Thupeyo Muleya Beitbridge Bureau
It is common knowledge that a person can be a citizen of Zimbabwe by birth, registration or descent in line with the supreme law of the land.Furthermore, the Constitution states that all Zimbabweans are equally entitled to the rights, privileges and benefits of citizenship, and are equally subject to the duties and obligations of citizenship.The citizens are also entitled to the following rights and benefits granted to them by the law: protection of the State wherever they may be; issuance of birth certificates and other identity documents, passports and other travel documents, by the State.
A birth certificate is a prerequisite for one to acquire secondary documents including a national identity card or passport, or any other travel document.
Every government has an obligation to manage and jealously guard against issues of citizenship, but the acquisition of birth certificates has become cumbersome, if not elusive for many people living in some remote parts of Zimbabwe.
Obtaining travel documents is a challenge to many, especially those in remote areas and who were also born in dysfunctional families.
Matabeleland South provincial education director Mrs Thumisang Tabela said recently that at least 30 percent of children in the province especially those living on the borders of Botswana and South Africa were undocumented.
She said the reasons varied from having absent parents, most of whom are in the Diaspora and/or based in these two neighbouring countries, while others fell in the orphans and vulnerable children category.
The standard requirements for one to get a birth certificate vary depending with situations.
For a start, where both parents are married whether legally or customarily, they need to approach the Registrar-General’s Office and produce a birth record, their national identification documents and the child’s health card.
In case of single mothers, they may produce the same documents besides that of the father.
It is understood that those with children born outside the country will, in addition to the above documents, need to produce the parents’ birth certificates and a list of other requirements to prove that they are Zimbabwean citizens.
Those registering as orphans and vulnerable children would need to produce guardianship documents and deaths certificates among others.
Investigations by The Herald showed that very few people are able to meet the requirements, especially the illegal migrants with children born in foreign lands.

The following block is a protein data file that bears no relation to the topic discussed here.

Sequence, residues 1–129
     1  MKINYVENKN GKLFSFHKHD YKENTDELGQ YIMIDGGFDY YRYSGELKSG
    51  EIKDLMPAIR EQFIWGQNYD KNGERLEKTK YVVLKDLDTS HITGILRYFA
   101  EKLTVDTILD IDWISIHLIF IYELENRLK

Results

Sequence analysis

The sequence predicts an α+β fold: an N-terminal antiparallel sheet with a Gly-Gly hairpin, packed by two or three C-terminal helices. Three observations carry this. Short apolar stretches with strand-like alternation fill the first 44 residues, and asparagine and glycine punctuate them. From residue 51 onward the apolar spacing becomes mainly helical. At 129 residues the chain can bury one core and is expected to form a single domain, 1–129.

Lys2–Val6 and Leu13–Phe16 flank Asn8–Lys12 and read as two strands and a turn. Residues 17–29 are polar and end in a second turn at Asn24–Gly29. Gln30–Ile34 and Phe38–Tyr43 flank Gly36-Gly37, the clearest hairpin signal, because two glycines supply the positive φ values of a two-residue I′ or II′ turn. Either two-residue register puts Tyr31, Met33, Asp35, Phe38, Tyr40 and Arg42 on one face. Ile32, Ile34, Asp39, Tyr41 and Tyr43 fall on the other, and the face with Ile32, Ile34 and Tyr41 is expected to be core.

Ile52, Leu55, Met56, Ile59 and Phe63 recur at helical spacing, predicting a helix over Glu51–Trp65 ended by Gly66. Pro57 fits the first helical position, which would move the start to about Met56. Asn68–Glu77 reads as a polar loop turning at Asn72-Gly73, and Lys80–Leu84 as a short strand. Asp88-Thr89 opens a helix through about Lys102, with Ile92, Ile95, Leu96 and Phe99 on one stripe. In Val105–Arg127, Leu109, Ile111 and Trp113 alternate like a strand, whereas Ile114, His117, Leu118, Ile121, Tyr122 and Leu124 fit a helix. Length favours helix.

Further, the lack of civic education on citizenship matters has resulted in the reduction by many parents to register the births of their children.
The Registrar-General’s Office has also failed to decentralise its service delivery, to ensure that this key service is brought closer to the people.
In some cases, they have sub-offices, but these still are inadequate.
Many illegal immigrants have given up hope of registering the births of their children due to the strenuous processes both at Immigration and the RG’s office.
In some cases, children in rural areas are failing to sit for Grade 7 examinations because they will be undocumented.
It boggles the mind why the RG’s Office has failed to unbundle services, 37 years after Independence.
Government must decentralise further issuance of birth registration and review the requirements mainly for children born in disjointed families, or those with absent parents, orphans and other vulnerable groups.
Mobile services might be carried out quarterly when schools are open considering that there are registers of these undocumented children in schools.
In addition, the RG’s Office should have sub-offices at ward level or at health centres where issues of midwifery are handled.
This would assist in the quick registration of births when mothers take them for post-natal check-ups.
Further, there is need to scale up civic education across the country concerning issues of citizenship.
The lack of documentation has also contributed to an increase in illegal migration between Zimbabwe and its neighbouring countries.
It is important for Government to find a way of accommodating such people who end up losing hope on getting passports and see illegal migration as an alternative.
The law must descend heavily on cross-border transporters, commonly known as Omalayitsha, who are known to be at the forefront discouraging people from registering births or applying for travel documents.
They feel these are a threat to the establishment.
This group of people charge anything from R1 500 to R2 000 to illegally transport one to South Africa and R600 back to Zimbabwe.
Documentation should also be spread to foreign missions to ease pressure on the local offices.
This would help address the birth registration of children born outside the country.
Experience has also shown that it becomes difficult for embassies to identify people who die in foreign lands without documentation.
When a Zimbabwean citizen dies in a foreign land, the repatriation documents are processed at various consul offices.
The following are needed to initiate the processes: the deceased’s national identification document, especially a passport of the deceased or a birth certificate or national identification card for those travelling by road, and strictly passport for those flying.
It is high time our Government introspect on the forces behind the documentation of people particularly those in rural areas, and attend to the issues with the urgency they deserve.
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